In contrast with Norman –– who argues flatly for programmers to adopt a more immersive, task-centered approach to computer design rooted in cultural conventions ––Manovich contends in his paper on human-computer interfaces that designers should instead seek to embrace the new language of the computer medium, the language of the interface. The failure of programmers to make use of the full power of the interface as a language in and of itself, Manovich argues, can be traced back to two competing impulses: representation and control. The desire to make computing “represent” or “borrow ‘conventions’ of the human-made physical environment” often inevitably limits the full range of “control” or flexibility the computer interface can offer. But although Manovich clearly leaves some room for common ground between the impulses of representation and control, he tends to paint them at times as almost mutually exclusive to each other. While he is no doubt correct in his assumption that “neither extreme is ultimately satisfactory by itself,” he particularly laments the arbitrary shoveling of old cultural conventions onto the role of the computer as a control mechanism.
Rather than seek to imitate pre-existing forms of communication mediums, Manovich asserts that programmers should embrace the “new literary form of a new medium, perhaps the real medium of a computer – its interface” (92). Only when a user has learned this “new language” can he or she have a truly immersive computing experience. This stands in sharp contrast to Norman, who champions s more populist message of usability and rails against the notion that “if you have not passed the secret rites of initiation into programming skills, you should not be allowed into the society of computer users.”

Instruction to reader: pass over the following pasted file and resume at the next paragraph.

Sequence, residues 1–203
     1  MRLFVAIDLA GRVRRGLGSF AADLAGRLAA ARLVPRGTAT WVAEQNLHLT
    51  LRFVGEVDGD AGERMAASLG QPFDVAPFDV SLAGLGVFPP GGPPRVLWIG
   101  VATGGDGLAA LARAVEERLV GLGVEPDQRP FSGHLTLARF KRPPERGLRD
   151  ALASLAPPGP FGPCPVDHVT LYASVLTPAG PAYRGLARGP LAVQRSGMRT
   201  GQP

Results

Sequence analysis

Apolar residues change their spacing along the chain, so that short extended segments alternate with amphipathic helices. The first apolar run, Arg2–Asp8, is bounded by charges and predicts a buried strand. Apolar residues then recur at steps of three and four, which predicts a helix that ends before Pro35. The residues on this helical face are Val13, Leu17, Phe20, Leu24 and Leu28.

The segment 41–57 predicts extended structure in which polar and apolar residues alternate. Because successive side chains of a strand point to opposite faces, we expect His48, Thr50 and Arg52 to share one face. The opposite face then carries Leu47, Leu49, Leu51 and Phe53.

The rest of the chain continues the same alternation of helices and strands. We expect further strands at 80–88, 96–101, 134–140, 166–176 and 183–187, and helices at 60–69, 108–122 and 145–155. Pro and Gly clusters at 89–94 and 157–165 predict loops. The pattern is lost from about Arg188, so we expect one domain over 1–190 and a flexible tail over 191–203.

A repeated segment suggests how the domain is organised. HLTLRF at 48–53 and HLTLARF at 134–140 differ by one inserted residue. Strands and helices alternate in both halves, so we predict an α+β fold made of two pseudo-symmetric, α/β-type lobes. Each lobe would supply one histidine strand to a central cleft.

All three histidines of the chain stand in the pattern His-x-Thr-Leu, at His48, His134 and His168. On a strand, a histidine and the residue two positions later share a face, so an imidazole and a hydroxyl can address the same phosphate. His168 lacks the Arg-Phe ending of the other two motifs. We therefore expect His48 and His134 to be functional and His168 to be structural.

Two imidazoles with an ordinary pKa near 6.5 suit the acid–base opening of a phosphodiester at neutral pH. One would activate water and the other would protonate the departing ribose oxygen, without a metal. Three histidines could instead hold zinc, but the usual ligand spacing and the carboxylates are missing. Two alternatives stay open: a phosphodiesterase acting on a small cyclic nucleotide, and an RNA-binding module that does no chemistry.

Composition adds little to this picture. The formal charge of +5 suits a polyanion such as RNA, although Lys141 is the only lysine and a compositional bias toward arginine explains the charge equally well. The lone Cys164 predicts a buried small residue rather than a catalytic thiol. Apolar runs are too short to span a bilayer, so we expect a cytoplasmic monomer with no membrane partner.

Design is too often designer-centric instead of user-centric, argues Donald Norman in the sixth chapter of his book The Design of Everyday Things. Norman lays out the case that anyone acting as a designer – whether programmer, illustrator or developer – has an unconscious tendency to be device-oriented rather than task-oriented; that is, designers “become experts with the device they are designing,” while users are “often expert at the task they are trying to perform with the device.” Instead, designers should place more attention on usability, which is not an easy task given the many challenges they face in terms of demands from profit-driven clients, users with special needs and users who seek features they don’t needs. Indeed, as Norman admits, there is no one size fits all when it comes to creating user-centric designs, but flexibility helps.
One ever feels the echo of Steve Jobs’ design philosophies echoed throughout Norman’s work, particularly in his description of the “two deadly temptations for the designer.” Designers too often fall prey to the allure of what he calls “creeping featurism” –– the tendency to pile on endless features to a device that needlessly complicate its use –– as well as the “worshipping of false images,” referring to the temptation of valuing technological flashiness over end usability. Particularly in Apple’s’ later consumer entertainment products, beginning with the iPod, we see an acute awareness of these dangers taken into account. Unlike its rival digital music devices at the time, the iPod valued usability over featurism, and prized immersion over control.
Take a look at this fascinating visualization of last weekend’s Superbowl ads created using a new startup tool called Hotspots.io. What’s unique about this visualization is that it provides an interactive, feature-rich multimedia presentation of social media reaction in real time as it relates to live events. The sheer amount of data displayed – from the total reach, to total mentions, to the amount of money each company spent on advertising – is impressive enough in its own right. What’s more, because of the way the data is organized into the drop down menu on the left-sidebar, the user is able to view it in separate bits without having to split attention between multiple data points.